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Seif Balul: 'Lincoln is family and home to me'
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Seif Balul: 'Lincoln is family and home to me'

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Leadership Lincoln Advocates class

During the Leadership Lincoln Advocates experience, Seif Balul and Shawntell Ferris participate with the others in their group in a city planning exercise that gave them a feeling for the challenges involved.

He’s from Sudan. Look it up on a map, and you’ll see that it’s considered a country with a tropical climate. Summer temperatures are often above 110 degrees, and in the winter it cools down into the 80s.

So, just imagine what it’s like to arrive in Lincoln, Nebraska if you’ve been raised in Sudan. Seif Balul showed up here in 1998, and when I asked what he thought of Lincoln today, he replied, “Oh my gosh, Lincoln is family and home to me. There are good people, their welcome is warm and there are opportunities here.”

Getting to Lincoln wasn’t a direct flight as an adult. It started when Balul was just 5 years old and his family walked from Sudan to Ethiopia to get away from war. The family, which included Seif, his parents and their children, all walked back to Sudan after nearly a year.

Seif Balul

Seif Balul, Leadership Lincoln Advocates participant, retired U.S. Army intelligence officer and Sudanese immigrant.

Then, when he was 17, he’s the ninth of 16 children, they did it again. Only this time, Seif and several others his age kept on the move until they reached Egypt. And from Egypt, in 1986, he ended up going to Tokyo as a refugee.

“I didn’t know any Japanese, I had no real skills, so I took a job in construction helping build highways,” Balul said. “Eventually I went to school and learned computer networking.”

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That should tell you something about this man’s drive.

After a dozen years in Japan, he was fortunate to be allowed to move to the United States. And that’s what brought him to Lincoln, again with language challenges and no job.

“After living in Tokyo, a large, crowded and very busy city, Lincoln was slow, there was so much space. I enjoyed the quiet time and learning about the city,” he shared.

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And it wasn’t just Lincoln that appealed to Balul.

“One evening I went to a small town, and I saw a gathering of motorcycles outside of a restaurant and bar. I went in and said ‘Hey, I’m from Africa and I just want to say hi.’ They were so nice to me, offered me a drink and they played country music for me.”

Balul’s first job in Lincoln was with Molex. Next he worked as a refugee coordinator for Lincoln Public Schools, and eventually the University of Nebraska-Lincoln hired him as a refugee liaison.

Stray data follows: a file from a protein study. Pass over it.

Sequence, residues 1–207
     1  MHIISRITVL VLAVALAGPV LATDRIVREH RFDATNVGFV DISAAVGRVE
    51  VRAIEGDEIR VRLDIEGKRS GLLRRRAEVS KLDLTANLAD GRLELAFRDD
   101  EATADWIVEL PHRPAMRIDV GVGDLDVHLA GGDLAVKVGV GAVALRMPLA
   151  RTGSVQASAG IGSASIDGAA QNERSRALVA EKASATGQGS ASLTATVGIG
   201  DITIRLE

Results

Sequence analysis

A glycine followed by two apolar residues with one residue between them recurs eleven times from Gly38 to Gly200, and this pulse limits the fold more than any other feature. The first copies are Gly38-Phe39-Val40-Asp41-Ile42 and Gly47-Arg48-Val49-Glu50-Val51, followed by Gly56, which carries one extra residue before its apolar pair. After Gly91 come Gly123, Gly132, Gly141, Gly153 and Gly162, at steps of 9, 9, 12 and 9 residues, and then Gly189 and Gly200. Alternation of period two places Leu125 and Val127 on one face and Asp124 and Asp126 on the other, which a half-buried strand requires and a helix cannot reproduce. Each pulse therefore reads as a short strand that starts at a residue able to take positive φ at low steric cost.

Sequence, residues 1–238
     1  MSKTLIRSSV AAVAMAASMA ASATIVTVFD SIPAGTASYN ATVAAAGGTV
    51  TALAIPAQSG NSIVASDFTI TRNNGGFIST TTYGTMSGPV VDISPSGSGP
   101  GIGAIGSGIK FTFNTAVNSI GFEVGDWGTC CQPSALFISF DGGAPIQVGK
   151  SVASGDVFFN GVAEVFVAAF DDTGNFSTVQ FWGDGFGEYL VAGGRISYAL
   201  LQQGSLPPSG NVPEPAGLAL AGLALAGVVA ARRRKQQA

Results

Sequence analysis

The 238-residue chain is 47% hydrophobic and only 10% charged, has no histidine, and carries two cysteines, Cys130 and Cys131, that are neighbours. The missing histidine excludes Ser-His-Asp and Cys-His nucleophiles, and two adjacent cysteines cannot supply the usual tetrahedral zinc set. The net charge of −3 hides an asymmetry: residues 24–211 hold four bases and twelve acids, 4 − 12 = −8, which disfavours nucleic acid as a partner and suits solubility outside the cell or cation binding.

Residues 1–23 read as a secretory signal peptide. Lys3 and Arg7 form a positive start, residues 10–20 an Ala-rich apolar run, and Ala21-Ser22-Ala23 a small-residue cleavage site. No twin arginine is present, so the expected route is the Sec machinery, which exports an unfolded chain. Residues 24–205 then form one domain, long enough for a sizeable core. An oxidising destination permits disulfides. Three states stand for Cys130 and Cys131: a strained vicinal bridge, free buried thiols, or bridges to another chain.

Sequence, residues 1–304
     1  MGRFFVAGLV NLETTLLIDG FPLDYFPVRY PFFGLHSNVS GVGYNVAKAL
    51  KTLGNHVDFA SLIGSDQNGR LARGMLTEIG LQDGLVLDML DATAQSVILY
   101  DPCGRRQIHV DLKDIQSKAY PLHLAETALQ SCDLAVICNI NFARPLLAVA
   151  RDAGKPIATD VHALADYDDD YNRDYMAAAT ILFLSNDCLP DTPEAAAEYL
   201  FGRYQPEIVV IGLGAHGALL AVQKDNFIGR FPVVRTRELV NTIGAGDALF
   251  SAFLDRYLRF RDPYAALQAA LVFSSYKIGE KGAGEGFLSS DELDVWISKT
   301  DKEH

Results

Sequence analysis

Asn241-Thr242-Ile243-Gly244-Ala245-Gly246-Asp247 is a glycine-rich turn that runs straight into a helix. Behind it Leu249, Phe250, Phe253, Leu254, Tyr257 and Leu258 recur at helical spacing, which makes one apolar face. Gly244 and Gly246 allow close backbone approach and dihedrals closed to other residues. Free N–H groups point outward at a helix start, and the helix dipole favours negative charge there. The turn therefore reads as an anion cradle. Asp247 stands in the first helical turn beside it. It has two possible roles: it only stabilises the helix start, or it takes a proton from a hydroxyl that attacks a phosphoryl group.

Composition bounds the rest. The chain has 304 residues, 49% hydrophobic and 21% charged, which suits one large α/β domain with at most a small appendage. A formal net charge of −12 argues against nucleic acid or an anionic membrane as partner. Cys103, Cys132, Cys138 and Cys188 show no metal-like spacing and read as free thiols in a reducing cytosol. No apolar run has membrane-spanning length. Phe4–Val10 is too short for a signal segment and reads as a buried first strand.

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“I helped the refugee families with life experiences here in America … things like how the schools work, the police and fire departments, financial management and how to buy a house.”

There are 12,000 Sudanese in Lincoln, and now Balul works with them at Lincoln’s One Voice Next Generation Sudanese Center. Working in that capacity connected him with Leadership Lincoln. He participated in the Advocates group.

“I’ve lived here since 1998, but the Leadership Lincoln program helped me learn so much about our city’s history, how the government works and the businesses that employ so many people,” he said. “And, I learned just how our tax money is used. It helps run our city, gives us great schools and so much more.”

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If you think that’s all of Balul’s story, hold onto your seat. This young man who walked for two weeks to avoid war -- twice; who kept going and landed in Japan, where he sought education to better himself. In addition, this young man:

- who is from Sudan, where they speak Arabic, learned Japanese and also English;

- was so moved by what happened on Sept. 11, 2001, he volunteered to serve in the United States Army;

- studied and learned Iraqi Arabic because he knew that’s what the U.S. Army needed. He served a dozen years of active duty in Iraq, and at several bases in the U.S. where he helped American service personnel understand the culture and language.

Balul's story is just one of thousands among the Sudanese people who now live in Lincoln. In 2015, Abeny Kucha shared her story on the TEDxLincoln stage. You can watch that story at:

Balul deserves to sit back and relax, but that’s not his nature.

“I see more growth for Lincoln in the next five to 10 years, more opportunities, more development,” he said. “It really is the Silicone Prairie with many opportunities for many people. My wife and I are thrilled that our son is pursuing a degree at Southeast Community College, and we’re very pleased to call Lincoln home.

"We may have cold winters here, but the people are warm.”


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